The Ground Truth of Crustal Anisotropy from Receiver Functions

Tuesday, 16 December 2014: 3:10 PM
Irene Bianchi, Maria-Theresia Apoloner, Ehsan Qorbani, Simon Morgan Lloyd, Katalin Gribovski, Andreas Gerner, Patrick Arneitz, Peter Jordakiev and Götz Bokelmann, University of Vienna, Vienna, Austria
As one of the rare observational tools for studying deformation and stress within the Earth, seismic anisotropy has been one of the focuses of geophysical studies over the last decade. Recently, in order to unravel the anisotropic properties of the crust, the teleseismic receiver functions (RFs) methodology has been largely applied. Effects of anisotropy on the RFs dataset were illustrated in more than one theoretical study, showing the strong backazimuthal dependence of RFs on the 3D characteristics of the traversed media. The use of teleseismic RFs has the advantage of not being affected by heterogeneous depth distribution of local earthquakes, since teleseismic rays sample the entire crust beneath the stations. The application of this technique anyway, needs to be critically assessed using a suitable field test.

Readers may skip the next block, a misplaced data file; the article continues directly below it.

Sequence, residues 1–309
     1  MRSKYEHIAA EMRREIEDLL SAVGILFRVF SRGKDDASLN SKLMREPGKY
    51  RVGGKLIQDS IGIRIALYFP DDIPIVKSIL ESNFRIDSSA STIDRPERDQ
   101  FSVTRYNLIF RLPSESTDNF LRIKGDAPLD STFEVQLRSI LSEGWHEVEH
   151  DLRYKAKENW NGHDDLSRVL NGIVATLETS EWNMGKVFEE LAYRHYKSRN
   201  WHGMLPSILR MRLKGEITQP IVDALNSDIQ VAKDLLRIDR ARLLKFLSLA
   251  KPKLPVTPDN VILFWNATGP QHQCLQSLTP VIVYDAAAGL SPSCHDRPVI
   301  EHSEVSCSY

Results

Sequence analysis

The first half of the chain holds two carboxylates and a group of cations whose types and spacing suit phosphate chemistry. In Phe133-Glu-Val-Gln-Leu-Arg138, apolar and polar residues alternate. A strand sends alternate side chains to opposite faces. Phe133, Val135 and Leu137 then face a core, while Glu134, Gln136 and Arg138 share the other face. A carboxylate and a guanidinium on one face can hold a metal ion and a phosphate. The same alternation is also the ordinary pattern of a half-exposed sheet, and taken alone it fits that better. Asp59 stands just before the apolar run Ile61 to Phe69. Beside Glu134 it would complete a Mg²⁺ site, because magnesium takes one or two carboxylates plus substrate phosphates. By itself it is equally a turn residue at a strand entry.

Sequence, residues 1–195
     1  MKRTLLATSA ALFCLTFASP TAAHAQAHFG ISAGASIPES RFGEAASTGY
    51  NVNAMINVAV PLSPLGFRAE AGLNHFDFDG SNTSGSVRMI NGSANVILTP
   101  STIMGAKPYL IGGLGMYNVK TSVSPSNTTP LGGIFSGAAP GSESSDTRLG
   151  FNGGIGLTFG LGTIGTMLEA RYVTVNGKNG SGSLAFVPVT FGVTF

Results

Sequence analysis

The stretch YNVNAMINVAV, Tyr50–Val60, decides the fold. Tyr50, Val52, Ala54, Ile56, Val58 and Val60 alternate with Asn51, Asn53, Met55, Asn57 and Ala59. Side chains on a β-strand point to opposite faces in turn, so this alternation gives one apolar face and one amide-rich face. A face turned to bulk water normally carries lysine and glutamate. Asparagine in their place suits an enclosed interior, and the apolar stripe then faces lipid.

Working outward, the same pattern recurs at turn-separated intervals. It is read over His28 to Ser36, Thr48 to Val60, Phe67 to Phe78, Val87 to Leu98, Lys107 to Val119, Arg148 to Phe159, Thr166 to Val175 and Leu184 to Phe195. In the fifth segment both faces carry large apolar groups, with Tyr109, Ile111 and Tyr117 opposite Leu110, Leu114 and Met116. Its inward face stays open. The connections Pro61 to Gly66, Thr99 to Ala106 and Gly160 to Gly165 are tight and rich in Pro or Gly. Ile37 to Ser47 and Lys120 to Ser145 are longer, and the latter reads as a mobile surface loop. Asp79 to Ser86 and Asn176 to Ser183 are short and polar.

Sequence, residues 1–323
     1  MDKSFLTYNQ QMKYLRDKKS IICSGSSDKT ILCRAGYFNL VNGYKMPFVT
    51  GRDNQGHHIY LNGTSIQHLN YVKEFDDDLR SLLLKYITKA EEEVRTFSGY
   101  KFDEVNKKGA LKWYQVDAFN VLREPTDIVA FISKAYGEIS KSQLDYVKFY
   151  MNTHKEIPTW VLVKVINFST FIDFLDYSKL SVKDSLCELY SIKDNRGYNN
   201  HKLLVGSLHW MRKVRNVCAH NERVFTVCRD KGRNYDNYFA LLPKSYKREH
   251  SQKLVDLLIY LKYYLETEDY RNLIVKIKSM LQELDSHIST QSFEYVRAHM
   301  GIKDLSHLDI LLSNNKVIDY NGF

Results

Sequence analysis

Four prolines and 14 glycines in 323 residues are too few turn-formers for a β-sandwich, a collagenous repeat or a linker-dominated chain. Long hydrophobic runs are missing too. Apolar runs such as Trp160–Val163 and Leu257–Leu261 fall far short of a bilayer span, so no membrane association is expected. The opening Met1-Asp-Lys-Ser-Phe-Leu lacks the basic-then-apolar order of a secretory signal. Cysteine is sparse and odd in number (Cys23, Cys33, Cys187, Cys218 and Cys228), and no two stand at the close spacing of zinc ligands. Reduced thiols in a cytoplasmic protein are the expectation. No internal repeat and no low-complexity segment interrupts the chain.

To test this technique, we need a crustal block where the underground structure is reasonably well-known, e.g., where there is extensive knowledge from local seismic experiments and drilling. Therefore a field test around the KTB (Kontinental Tiefbohrung) site in the Oberpfalz in Southeastern Germany, has been carried out to test the technique, and to compare with previous results from deep drilling, and high-frequency seismic experiments around the drill site.

The investigated region has been studied extensively by local geophysical experiments. The deep borehole was placed into gneiss rocks of the Zone Erbendorf-Vohenstrauss. Drilling activity lasted from 1987 to 1994, and descended down to a depth of 9101 meters, sampling an alternating sequence of paragneiss and amphibolite, with metamorphism of upper amphibolite facies conditions, and ductile deformation produced a strong foliation of the rocks.

The application of the RFs reveals strong seismic anisotropy in the upper crust related to the so-called Erbendorf body.